Decorating Ideas

How to Create the Perfect Home Office

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The home office has taken on new importance of late. These gorgeous spaces manage to seamlessly combine practicality with inspired decorating choices. The result? Rooms that would make even paying bills feel decidedly chic.

Photo by Lesley Unruh

Photo by Lesley Unruh

Go Light and Airy

A white-on-white color scheme and airy elements such as this floating glass desk are handy ways to create a work space that is more akin to a personal sanctuary than a place for professional toil. If your work is fueled by an inspiration board, opting for a simpler decor scheme will allow each point of inspiration you pin up to take center stage in both the space and your thinking.

Photo by Manuel Rodriguez

Photo by Manuel Rodriguez

Max Out a Modest Space

If your home office isn’t that big, focus on ways you can make the space you do have as interesting as possible. Daring wall treatments, such as designer Sheila Bridges’s multicolor stripes, layers of pattern, or statement-making art, can transform what may have seemed like an uninspired closet into a total gem.

Photo by Nicole LaMotte

Photo by Nicole LaMotte

Skip Business-y Furniture

There’s no rule that says a desk can’t be a repurposed dining table and an “office” chair can’t be a shapely wingback chair. Approach your home office with the same decorating gusto you’d pump into your boudoir or living room. Use techniques such as matching pairs, fanciful finishes, and a gallery wall to conjure up a space that is functional but also feeds your creativity.

Photo by Lesley Unruh

Photo by Lesley Unruh

Carve Out Room

If your home lacks a dedicated office space, just reimagine a corner of your favorite room to double as a home office. Kitchen shelving can hold storage baskets just as well as it can glassware, and a nightstand can serve as a workstation that easily tucks into a bedroom corner. Of her built-in office area, designer Nina Farmer says, “I like keeping an eye on what’s happening in the house yet having my own space off the kitchen.”

Photo by Nicole LaMotte

Photo by Nicole LaMotte

Creatively Customize

Having to make a call to the carpenter might seem daunting, but if that’s what it takes to gain the efficiency you need from your office space, do it. For the home he shares with wife Jessica de Ruiter, Jed Lind, an artist-designer at Commune in L.A., crafted a wood L-shape desk that gives the pair the work space they need while accommodating the depth of the Murphy bed that transforms the space into a guest room when needed.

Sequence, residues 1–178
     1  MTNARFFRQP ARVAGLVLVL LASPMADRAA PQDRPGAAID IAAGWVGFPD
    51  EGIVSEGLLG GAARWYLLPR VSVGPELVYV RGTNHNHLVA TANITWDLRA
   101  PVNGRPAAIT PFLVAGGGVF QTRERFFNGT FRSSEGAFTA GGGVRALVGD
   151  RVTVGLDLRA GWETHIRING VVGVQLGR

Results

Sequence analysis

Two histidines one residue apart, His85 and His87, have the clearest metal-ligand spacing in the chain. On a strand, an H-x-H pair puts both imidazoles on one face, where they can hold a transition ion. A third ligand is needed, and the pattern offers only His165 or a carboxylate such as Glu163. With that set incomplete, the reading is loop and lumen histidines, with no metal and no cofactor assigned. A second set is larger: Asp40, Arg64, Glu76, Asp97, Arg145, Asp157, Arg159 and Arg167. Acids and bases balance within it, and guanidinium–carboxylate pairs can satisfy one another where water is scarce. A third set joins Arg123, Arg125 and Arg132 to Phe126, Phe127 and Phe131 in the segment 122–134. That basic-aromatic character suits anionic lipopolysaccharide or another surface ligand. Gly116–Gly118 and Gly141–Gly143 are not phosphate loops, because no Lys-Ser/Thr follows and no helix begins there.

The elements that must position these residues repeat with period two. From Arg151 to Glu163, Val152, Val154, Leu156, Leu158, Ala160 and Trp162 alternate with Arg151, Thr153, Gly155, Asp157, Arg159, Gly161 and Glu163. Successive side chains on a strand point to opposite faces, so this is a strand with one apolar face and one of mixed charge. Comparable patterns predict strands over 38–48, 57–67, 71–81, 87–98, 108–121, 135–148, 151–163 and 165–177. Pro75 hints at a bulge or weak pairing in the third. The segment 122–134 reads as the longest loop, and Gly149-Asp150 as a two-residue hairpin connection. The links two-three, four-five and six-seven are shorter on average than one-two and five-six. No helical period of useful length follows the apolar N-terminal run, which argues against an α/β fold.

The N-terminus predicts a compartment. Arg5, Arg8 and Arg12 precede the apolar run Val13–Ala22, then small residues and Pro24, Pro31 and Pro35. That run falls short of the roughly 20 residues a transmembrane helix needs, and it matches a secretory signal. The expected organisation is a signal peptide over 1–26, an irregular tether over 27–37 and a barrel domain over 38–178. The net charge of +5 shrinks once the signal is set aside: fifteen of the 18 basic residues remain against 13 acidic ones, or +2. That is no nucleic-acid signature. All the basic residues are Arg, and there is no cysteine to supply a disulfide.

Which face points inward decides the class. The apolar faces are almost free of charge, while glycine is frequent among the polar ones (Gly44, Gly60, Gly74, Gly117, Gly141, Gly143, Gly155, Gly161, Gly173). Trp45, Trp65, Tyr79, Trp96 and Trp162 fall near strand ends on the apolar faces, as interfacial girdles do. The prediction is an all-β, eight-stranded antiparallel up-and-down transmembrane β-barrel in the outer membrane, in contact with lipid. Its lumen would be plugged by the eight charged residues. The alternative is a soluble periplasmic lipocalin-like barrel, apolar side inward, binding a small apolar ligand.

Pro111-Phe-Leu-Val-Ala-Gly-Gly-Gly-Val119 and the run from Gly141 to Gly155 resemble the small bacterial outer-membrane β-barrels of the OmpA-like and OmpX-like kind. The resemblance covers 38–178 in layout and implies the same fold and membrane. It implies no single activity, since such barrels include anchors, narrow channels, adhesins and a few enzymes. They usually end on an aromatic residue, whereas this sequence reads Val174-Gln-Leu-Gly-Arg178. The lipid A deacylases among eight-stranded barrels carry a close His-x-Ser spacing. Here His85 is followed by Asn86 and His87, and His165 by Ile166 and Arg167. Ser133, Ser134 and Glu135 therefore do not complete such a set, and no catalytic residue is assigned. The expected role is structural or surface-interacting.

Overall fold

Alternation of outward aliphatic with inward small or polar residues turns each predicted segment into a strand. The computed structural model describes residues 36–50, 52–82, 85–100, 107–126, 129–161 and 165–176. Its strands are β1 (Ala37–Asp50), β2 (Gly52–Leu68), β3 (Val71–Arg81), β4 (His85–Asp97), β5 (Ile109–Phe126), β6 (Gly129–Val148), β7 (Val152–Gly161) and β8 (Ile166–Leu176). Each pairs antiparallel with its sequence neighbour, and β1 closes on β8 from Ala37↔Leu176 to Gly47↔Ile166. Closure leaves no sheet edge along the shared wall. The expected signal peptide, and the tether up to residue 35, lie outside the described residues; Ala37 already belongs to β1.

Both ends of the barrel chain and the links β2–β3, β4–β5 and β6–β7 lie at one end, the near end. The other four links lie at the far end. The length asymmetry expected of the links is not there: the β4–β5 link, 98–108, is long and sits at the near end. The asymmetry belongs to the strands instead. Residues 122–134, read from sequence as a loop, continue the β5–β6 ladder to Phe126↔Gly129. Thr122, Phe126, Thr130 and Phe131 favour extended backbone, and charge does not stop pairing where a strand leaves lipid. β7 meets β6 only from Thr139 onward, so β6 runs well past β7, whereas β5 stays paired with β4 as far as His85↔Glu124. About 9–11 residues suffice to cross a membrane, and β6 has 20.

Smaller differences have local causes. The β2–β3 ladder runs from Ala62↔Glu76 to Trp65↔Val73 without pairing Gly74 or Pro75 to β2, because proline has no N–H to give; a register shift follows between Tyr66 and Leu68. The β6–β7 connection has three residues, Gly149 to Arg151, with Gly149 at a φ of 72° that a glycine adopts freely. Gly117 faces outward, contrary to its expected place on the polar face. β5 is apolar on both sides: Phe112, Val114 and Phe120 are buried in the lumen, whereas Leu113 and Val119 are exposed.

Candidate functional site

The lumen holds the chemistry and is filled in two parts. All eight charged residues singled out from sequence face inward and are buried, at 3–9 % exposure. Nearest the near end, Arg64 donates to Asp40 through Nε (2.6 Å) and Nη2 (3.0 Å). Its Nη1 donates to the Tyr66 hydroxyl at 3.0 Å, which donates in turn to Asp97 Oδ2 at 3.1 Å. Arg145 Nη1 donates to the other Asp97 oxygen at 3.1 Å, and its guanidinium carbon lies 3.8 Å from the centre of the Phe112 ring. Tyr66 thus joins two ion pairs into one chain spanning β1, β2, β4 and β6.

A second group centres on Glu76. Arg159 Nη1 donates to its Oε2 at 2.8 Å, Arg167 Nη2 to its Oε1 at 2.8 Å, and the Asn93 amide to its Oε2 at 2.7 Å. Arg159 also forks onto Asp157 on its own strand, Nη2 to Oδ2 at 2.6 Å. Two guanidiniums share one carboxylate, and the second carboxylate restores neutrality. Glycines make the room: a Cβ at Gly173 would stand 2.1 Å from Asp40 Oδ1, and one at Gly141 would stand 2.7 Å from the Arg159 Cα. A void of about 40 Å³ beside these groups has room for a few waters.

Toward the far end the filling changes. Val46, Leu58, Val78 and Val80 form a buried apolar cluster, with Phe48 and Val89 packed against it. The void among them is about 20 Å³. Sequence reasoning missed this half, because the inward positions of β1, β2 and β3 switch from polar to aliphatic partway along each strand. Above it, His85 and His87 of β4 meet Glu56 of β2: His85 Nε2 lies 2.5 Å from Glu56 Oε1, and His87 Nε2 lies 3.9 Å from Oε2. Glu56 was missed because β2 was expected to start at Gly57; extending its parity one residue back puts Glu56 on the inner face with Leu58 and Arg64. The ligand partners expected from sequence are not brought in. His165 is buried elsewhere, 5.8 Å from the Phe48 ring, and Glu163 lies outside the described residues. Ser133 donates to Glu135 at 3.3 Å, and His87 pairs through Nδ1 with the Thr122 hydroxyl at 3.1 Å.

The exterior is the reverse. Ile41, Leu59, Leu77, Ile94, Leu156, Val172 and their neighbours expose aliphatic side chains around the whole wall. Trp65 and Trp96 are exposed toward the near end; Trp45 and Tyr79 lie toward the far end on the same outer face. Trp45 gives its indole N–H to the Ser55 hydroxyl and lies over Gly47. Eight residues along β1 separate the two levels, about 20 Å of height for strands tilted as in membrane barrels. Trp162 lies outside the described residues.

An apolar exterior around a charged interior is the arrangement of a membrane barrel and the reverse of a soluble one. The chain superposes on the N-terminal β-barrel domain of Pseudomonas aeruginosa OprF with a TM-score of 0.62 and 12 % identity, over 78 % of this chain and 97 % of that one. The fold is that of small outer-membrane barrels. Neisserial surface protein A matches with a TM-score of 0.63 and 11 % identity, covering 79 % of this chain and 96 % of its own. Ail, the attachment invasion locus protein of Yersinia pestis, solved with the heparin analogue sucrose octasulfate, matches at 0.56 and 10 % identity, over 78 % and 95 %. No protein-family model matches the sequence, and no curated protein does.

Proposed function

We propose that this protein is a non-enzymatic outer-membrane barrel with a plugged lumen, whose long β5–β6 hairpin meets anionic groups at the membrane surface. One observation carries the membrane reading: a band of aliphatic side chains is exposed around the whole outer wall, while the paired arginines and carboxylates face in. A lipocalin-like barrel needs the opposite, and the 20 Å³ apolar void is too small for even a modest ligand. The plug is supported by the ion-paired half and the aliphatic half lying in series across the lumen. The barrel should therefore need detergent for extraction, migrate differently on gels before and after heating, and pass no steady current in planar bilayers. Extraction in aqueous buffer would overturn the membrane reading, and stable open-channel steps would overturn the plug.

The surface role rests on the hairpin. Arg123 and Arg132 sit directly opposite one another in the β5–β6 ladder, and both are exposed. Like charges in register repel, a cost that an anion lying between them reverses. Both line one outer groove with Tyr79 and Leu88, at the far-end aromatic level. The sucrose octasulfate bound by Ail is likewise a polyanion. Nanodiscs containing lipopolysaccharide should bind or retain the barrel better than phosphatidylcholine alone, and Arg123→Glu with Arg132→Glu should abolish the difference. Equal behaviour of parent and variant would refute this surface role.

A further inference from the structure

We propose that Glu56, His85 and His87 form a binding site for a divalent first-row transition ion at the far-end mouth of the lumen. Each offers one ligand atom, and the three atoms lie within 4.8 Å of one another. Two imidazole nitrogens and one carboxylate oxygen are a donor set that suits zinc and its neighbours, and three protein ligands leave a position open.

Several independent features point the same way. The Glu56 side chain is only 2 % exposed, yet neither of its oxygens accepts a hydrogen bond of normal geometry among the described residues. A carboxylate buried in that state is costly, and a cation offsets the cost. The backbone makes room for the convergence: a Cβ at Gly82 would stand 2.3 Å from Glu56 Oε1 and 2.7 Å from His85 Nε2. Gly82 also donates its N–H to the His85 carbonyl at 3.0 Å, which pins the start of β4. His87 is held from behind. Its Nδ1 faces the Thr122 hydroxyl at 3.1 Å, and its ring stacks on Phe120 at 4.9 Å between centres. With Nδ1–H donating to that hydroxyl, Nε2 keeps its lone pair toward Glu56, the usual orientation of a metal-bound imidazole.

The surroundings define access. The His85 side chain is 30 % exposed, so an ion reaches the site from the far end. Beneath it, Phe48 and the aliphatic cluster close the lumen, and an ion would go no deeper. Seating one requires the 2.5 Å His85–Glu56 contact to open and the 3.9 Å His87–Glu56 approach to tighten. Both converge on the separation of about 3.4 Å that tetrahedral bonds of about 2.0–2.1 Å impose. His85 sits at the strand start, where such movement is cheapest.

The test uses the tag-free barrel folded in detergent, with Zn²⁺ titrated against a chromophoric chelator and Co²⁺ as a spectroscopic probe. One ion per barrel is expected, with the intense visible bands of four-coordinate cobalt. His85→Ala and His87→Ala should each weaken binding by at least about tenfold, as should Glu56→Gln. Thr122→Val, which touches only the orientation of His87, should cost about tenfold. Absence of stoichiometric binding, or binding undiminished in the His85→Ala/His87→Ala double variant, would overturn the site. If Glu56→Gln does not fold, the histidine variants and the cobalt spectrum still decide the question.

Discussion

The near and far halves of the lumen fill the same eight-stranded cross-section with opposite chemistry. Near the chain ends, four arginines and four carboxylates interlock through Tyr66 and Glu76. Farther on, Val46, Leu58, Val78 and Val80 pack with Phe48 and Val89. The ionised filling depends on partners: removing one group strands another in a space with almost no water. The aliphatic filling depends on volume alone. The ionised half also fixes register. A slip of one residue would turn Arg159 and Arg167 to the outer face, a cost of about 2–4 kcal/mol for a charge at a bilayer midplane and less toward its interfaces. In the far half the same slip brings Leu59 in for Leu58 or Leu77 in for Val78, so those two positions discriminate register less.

Photo by Manuel Rodriguez

Photo by Manuel Rodriguez

Focus on the View

In her petite apartment, blogger and author Heather Clawson chose a sunny spot in front of the window for her tiny but hardworking home office. Given the option, a work spot with a great view is hard to beat. Short on storage? Skirted tables can stylishly hide away unattractive filing boxes, not to mention tangles of cords.

Photo by Nicole LaMotte

Photo by Nicole LaMotte

Use Unexpected Juxtapositions

When disparate objects play off each other, interesting things happen. Designer Kim Bachmann’s office features the requisite ample storage and a classic desk chair, but to those she added a glam mirrored desk and a funky ’70s-era Lucite ceiling lamp. Both unexpected choices break up the utilitarian feeling of the room. “This is my little space, and I felt like I could do whatever I wanted in here,” Bachmann says.

Photo by Joe Schmelzer

Photo by Joe Schmelzer

Keep It Uncluttered

Strategic decor choices can help you keep clutter at bay. In her home office, designer Rachel Roy didn’t fill every inch but instead kept the space pretty pared back, which lets her stunning sculptural stone desk (which is actually a dining table) shine. She did, however, add a large storage piece along one wall to keep her work essentials neatly tucked away. The items that do get left out are all beautifully designed everyday objects.

Join the Discussion

Join the Discussion

2 Responses to “How to Create the Perfect Home Office”

  1. sperry sweet says:

    None of these offices look like any work is really ever done in them, they are all nonfunctional workspaces that are purely decorative for people who pretend to work.

    • Genuine Jobs says:

      Yup, I’ll have to agree. Too busy looking. I couldn’t get anything done in a space cluttered with so many decorative elements and details. Too distracting. Although they do look beautiful, but only as a showcase office.

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